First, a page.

If you can identify one or more of the people in the photographs, please email or call the NEJL Archivist: 202-662-4043. Or email: kh781@law.georgetown.edu.

The photographs are from the National Institute for Education in Law and Poverty (NIELP) collection, which Thomas Buckley donated to the NEJL.

Thank you!

Photo from the 1968 Conference on Welfare Law, held at Columbia University, NYC, Nov. 7-9, 1968, NIELP-Thomas Buckley Collection, NEJL 071, Georgetown Law Library.

Please help the NEJL with photo identification!

The historical materials from the National Institute for Education in Law and Poverty (NIELP), which Thomas Buckley donated to the NEJL this spring, include a number of interesting photographs from NIELP sponsored conferences from the late 1960s.

We are asking for your help with identifying the speakers featured in these photographs, and will be regularly posting different photographs on this blog. If you can identify one or more of the people in the photographs, please email or call the NEJL Archivist: 202-662-4043. Or email: kh781@law.georgetown.edu.

Below is the first photo from the 1968 Conference on Welfare Law, held at George Washington University, National Law Center, Washington, DC, May 9-11, 1968.

It is possible that the photo documents a panel about: Welfare Rights Organizations and Group Representation.

nejl071_nielp_welfare_law_1968_panel

Photo from the 1968 Conference on Welfare Law, held at George Washington University, National Law Center, Washington, DC, May 9-11, 1968. NIELP-Thomas Buckley Collection, NEJL 071, Georgetown Law Library.

Thank you for your help!

 

 

 

In re Gault Research Portal

50 years ago today, on May 15, 1967, Supreme Court Associate Justice Abe Fortas delivered the landmark United States Supreme Court opinion in Application of Paul and Marjorie Gault, 387 U.S. 1 (1967), which held that juveniles accused of crimes in a delinquency proceeding must be afforded many of the same due process rights as adults, such as the right to counsel, the right to confront witnesses, the right against forced self-incrimination, and the right to maintain a record of the proceedings.

case_file_116_543-768x576

Source: Record Group 267: Records of the Supreme Court of the United States, 1772 – 2007 Series: Appellate Jurisdiction Case Files, 1792 – 2010, File Unit: Case File 116, October Term 1966, In Re Gault. The link to the catalog record for the digitized case file can be found in the “archival materials” section of the research portal.

To mark in re Gault @ 50, we have launched a new research portal that offers links to archival materials documenting the case, as well as references to selected scholarship analyzing the history of the case and the state of due process in juvenile court.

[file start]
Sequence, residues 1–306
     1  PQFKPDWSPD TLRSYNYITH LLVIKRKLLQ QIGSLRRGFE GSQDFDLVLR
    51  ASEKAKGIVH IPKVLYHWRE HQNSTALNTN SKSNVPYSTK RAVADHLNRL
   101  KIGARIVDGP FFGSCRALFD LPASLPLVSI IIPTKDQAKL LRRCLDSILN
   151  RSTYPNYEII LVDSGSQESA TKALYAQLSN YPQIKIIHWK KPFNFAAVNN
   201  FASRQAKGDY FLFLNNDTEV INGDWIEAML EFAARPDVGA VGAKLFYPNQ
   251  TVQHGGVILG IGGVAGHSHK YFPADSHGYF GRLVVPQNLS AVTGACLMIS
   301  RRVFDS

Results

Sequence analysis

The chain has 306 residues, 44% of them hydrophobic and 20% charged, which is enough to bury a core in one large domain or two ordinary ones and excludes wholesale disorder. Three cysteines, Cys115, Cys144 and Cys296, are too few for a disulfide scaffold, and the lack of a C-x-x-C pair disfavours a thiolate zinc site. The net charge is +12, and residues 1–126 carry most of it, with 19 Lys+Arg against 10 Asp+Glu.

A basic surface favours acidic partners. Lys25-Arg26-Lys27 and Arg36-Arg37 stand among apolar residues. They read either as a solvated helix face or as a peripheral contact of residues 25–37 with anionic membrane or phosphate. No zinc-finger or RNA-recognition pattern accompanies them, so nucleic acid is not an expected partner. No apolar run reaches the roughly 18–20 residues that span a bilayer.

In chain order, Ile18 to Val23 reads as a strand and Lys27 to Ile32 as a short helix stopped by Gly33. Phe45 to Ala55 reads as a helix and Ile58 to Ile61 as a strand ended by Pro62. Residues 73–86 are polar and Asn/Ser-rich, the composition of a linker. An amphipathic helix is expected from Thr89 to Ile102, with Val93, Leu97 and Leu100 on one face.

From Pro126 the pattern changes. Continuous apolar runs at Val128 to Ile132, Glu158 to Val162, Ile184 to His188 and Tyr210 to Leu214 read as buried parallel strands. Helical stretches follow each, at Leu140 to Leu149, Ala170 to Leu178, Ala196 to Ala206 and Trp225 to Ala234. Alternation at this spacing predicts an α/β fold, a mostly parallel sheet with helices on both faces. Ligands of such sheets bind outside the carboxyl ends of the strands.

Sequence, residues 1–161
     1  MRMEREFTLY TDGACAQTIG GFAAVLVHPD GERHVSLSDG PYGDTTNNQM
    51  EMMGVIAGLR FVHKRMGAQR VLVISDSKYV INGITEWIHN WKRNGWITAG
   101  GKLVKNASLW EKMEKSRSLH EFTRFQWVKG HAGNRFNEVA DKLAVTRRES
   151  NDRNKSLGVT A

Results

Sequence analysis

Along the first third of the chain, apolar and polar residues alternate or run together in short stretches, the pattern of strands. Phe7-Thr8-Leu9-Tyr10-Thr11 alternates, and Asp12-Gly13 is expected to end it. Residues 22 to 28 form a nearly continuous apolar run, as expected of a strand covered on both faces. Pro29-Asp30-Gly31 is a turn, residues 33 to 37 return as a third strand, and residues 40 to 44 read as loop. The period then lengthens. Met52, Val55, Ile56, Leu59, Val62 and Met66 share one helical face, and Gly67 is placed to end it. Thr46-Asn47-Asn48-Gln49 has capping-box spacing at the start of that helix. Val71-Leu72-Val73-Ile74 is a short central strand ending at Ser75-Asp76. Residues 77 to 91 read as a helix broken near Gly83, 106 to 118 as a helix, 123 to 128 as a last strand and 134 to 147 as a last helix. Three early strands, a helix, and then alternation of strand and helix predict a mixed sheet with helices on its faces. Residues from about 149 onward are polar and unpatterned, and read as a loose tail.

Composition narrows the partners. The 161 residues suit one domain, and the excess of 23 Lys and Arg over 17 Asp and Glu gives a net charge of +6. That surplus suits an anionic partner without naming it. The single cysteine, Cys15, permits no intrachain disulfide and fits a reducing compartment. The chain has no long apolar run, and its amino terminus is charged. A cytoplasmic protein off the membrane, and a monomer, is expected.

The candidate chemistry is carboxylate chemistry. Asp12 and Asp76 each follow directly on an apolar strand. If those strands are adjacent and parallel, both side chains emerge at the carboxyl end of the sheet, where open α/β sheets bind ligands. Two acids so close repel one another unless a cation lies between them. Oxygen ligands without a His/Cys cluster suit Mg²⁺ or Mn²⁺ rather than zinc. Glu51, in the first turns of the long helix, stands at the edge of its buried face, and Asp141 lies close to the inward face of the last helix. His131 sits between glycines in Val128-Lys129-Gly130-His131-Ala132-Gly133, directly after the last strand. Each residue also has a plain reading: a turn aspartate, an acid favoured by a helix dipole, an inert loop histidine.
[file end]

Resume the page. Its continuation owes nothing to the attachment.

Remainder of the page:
Related NEJL materials: Oral history interview with Marshall Hartman, who co-authored the amicus curiae brief for the National Legal Aid and Defender Association. The other authors of the NLADA brief were L. Michael Getty and James Doherty. The NEJL also holds the James Doherty Papers.

Marshall Hartman receives Illinois State Bar Association’s Laureate Award

Marshall Hartman, one of the founders and former president of the CNEJL, has received the Illinois State Bar Association’s Laureate Award.

More information and a biographical summary can be found at the Illinois State Bar Association’s website: https://www.isba.org/awards/laureates/2017

The 1990 NEJL oral history interview with Marshall Hartman, conducted by James Neuhard, can be accessed through Digital Georgetown:

https://repository.library.georgetown.edu/handle/10822/711826

Congratulations, Marshall!

 

 

Materials from the National Institute for Education in Law and Poverty donated to the NEJL

Thomas Buckley, a retired professor from the Cleveland-Marshall College of Law, donated his collection of materials from the National Institute for Education in Law and Poverty (NIELP) to the NEJL. Thomas Buckley served as the Deputy Director of the NIELP from 1967-1971. The director was Craig W. Christensen. The Institute was established in 1967 at Northwestern University School of Law to develop and implement an educational program for Legal Service attorneys. The goal wnielpas to go beyond serving “individual clients with individual problems,” and train lawyers as advocates to address systemic issues of poverty and “make new law on behalf of the poor,” writes Buckley. Welfare law and consumer law weren’t even taught at law schools at the time, and the training programs document the dynamic development of these areas of law at the time. The collection includes materials from the 1968 Conference on Welfare Law and materials on the Uniform Consumer Credit Code, prepared by the National Consumer Law Center in 1969.

Thomas Buckley graduated from Fordham University (1958) and from Yale Law School (1961). Prior to joining NIELP in 1967, he was a Visiting Professor at the School of Law at Boston University Law School (1966-1967) and an Assistant Professor of Law at the University of North Dakota School of Law (1964-1966). From 1961-1964, he was an Associate at Carter, Ledyard & Milburn in NYC. Buckley joined the faculty at Cleveland-Marshall College of Law in 1971.